It’s Time To Be Concerned About Federal Deficits

Actor Dennis Quaid appears in an Esurance commercial where he convincingly says: ”Nobody wants to hear about insurance.”  Well, when it comes to federal deficit details, it’s probably true that nobody wants to hear about them either.  But like insurance, it’s knowledge you might need to help protect your assets.

President Obama was working diligently in 2009 to jumpstart a recovery from the Great Recession.  Yet, Republicans obstructed everything he tried to do and decried his stimulus spending and the federal deficits it was causing.  Now, with a Republican in the White House, it’s a much different story and they believe deficits are more acceptable.  Needless to say, most congressional Republicans are shameless hypocrites but that doesn’t mean we should discount concerns about government spending on a credit card.

Typically, government revenues increase when unemployment is low, like it is today and deficits are moderated when the economy is growing, as it has been recently.  Well, that’s not what’s happening in 2019 and I believe federal deficits are a much bigger problem today than they were a decade ago.

Due to the Bipartisan Budget Act of 2019 that President Trump recently signed, government spending will increase over the next two years by a total of $320 billion.  This law put an end to the sequester spending caps of the Budget Control Act of 2011, which were a Tea Party-forced attempt to limit federal spending through 2021.  Congress, however, lacked the political will to adhere to these caps in subsequent budget legislation so spending and deficits just kept increasing.

Consequently, it might be instructive to dive deeper into the intricacies of the current federal debt of $22.6 trillion.

The smaller part of it is called “intra-government” debt because it’s owed to various trust funds the government maintains, like the one for Social Security.  It’s something like borrowing from your IRA.  You manage this money but it’s in a dedicated account that you can’t normally access for current expenses.  Although intra-government debt isn’t the same as that held by China or Japan, it must be repaid by future taxpayers if these accounts are to fulfill their intended purpose.

The larger part of the federal debt is called “public debt,” which is approaching $17 trillion.  A little over half of this debt is owed to U.S. holders of government bonds.  Most of the rest is held by foreign entities, including China and the largest foreign holder, Japan.

The Congressional Budget Office (CBO) and many economists typically evaluate the public debt as a percentage of the U.S. gross domestic product or GDP, which is the value of all the goods and services produced in a year.  It’s similar to what mortgage lenders do when considering a loan.  The higher the borrower’s income (GDP), the more debt they can handle.  Currently, federal public debt is 79 percent of GDP.

Last week the CBO published updated estimates of federal revenue, spending and deficits for the coming decade.  This report predicted that the economy – GDP — will grow by 2.3 percent in 2019 and then level off below 2 percent in succeeding years.  These projections are based on numerous assumptions and a change in anyone of them could significantly alter these somewhat mediocre results.  However, I think the chances that economic growth will significantly improve are very slim.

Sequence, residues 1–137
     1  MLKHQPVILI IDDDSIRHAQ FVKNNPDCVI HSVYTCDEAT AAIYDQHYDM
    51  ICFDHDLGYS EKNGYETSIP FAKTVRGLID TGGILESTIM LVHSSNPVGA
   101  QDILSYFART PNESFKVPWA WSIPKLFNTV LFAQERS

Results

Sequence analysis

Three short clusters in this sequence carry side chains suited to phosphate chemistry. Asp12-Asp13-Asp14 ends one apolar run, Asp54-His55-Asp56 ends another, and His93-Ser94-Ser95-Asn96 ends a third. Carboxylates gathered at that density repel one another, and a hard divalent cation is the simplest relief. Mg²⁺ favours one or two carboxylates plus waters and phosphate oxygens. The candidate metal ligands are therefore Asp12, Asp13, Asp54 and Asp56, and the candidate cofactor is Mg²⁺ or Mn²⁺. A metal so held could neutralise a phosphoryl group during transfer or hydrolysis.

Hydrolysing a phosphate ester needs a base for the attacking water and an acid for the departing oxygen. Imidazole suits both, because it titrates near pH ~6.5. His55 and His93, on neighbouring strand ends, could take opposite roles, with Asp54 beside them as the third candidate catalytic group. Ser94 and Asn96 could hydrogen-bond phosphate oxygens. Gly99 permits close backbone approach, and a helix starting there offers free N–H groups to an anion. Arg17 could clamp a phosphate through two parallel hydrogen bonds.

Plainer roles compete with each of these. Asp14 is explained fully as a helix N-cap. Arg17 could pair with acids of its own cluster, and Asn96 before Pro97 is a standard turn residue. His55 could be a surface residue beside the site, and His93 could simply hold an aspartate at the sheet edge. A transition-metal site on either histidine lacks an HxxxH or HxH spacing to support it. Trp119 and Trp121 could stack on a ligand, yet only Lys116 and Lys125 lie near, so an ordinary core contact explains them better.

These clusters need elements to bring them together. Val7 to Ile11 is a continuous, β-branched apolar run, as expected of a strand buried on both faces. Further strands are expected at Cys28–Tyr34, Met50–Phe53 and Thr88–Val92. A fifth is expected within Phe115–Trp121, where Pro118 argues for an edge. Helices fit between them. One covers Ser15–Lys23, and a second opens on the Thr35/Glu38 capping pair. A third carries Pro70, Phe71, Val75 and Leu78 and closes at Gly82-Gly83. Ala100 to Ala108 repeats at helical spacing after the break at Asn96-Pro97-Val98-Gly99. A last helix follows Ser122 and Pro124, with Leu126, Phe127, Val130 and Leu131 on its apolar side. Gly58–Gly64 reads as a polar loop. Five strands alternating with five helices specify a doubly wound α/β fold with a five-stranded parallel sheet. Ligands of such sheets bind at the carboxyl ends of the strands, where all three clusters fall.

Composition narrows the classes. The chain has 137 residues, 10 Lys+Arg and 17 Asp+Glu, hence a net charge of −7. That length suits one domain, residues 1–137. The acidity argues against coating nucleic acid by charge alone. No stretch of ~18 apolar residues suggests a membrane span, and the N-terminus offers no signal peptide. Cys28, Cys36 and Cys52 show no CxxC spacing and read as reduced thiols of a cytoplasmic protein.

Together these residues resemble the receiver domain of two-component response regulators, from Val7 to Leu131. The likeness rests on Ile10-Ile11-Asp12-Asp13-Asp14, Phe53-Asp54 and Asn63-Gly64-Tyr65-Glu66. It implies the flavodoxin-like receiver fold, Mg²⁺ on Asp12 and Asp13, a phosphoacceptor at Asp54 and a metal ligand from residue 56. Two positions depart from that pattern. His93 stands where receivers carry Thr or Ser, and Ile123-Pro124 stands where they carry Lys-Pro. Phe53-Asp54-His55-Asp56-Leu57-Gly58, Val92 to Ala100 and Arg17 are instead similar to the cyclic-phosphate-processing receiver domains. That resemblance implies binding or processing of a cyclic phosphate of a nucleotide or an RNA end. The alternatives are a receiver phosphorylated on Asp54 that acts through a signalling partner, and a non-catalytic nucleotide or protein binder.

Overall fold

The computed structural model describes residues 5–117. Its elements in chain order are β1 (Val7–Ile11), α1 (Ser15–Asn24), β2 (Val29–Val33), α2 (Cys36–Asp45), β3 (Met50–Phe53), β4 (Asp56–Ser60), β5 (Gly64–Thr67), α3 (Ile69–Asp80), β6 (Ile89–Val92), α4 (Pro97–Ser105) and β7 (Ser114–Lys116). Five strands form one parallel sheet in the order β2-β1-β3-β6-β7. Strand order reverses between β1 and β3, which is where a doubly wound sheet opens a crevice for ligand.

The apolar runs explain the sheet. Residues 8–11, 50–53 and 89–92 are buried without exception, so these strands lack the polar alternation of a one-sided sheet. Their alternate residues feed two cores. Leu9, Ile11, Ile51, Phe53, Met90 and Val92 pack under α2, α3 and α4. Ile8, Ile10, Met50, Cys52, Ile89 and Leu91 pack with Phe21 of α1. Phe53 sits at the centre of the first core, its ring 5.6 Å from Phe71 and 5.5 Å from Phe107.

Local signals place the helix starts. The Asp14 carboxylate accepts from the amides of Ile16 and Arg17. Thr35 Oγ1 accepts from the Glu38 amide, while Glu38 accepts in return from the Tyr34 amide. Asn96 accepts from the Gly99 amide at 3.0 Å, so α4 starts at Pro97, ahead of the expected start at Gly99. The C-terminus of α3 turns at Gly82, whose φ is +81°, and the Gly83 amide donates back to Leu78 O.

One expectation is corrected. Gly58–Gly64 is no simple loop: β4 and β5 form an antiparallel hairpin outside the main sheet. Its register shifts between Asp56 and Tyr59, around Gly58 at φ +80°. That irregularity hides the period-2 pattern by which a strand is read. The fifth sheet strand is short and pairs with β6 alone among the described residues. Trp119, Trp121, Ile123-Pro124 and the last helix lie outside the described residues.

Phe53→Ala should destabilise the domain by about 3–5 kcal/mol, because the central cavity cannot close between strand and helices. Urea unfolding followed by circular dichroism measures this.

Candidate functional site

The media has been highlighting the CBO results in numerous articles like this comment from MSN: “According to CBO projections, the federal budget deficit will reach $960 billion this year and average $1.2 trillion in the 10-year period through 2029.”  The CBO is also projecting that public debt will exceed $29 trillion in 2029 and 95 percent of GDP — the highest level since just after World War II.  CBO’s director, Phillip. L. Swagel warned “Federal debt …. is on an unsustainable course.”

I suspect most readers aren’t sure what all of this means to them personally.  Well, that’s not in the job description of the best crystal balls — but some conclusions are valid:

The Trump/GOP tax cut of 2017 is not supercharging economic growth and paying for itself.  The almost $2 trillion it cost would have been much better invested in repairing U.S. roads, bridges, water systems and airports.  Yet, the trajectory of the deficits makes it nearly impossible for Congress to pass a robust infrastructure program or any other legislation requiring large federal expenditures.

The economy has gotten huge amounts of stimulus recently from the tax cuts and the budget acts of 2018 and 2019.  Still, Trump is looking for more juice to boost the apparently sagging economy but there’s not a lot available since interest rates and taxes are already low.

At the same time the president is creating chaos in global markets and supply chains, causing problems that won’t be quickly or easily fixed.  Stock market bears are poised to chase off the bulls.  The eventual recession – and there is bound to be one — will greatly exacerbate the deficits.

So, even if Democrats take the Senate and the White House in 2020, a recession would make significant tax increases more problematic and put a damper on the various ambitious policies they are proposing like expanded health care coverage and climate change initiatives.

It could be like 2009 where Democrats inherit a fiscal mess primarily created by Republicans and then have to battle them tooth and nail to correct it.


About eeldav

I am a retired corporate attorney who has lived in both Europe and Asia. While working my responsibilities took me to over 40 countries in Europe, the Middle East, Africa and Asia.
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